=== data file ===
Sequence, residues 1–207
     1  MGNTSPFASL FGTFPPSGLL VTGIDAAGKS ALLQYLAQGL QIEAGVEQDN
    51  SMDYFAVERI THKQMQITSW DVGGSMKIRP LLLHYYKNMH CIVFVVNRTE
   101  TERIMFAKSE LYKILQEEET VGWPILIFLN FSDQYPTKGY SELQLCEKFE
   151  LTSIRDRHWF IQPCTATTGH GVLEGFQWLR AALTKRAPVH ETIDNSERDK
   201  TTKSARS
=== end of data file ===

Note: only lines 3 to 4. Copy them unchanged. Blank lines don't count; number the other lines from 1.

    51  SMDYFAVERI THKQMQITSW DVGGSMKIRP LLLHYYKNMH CIVFVVNRTE
   101  TERIMFAKSE LYKILQEEET VGWPILIFLN FSDQYPTKGY SELQLCEKFE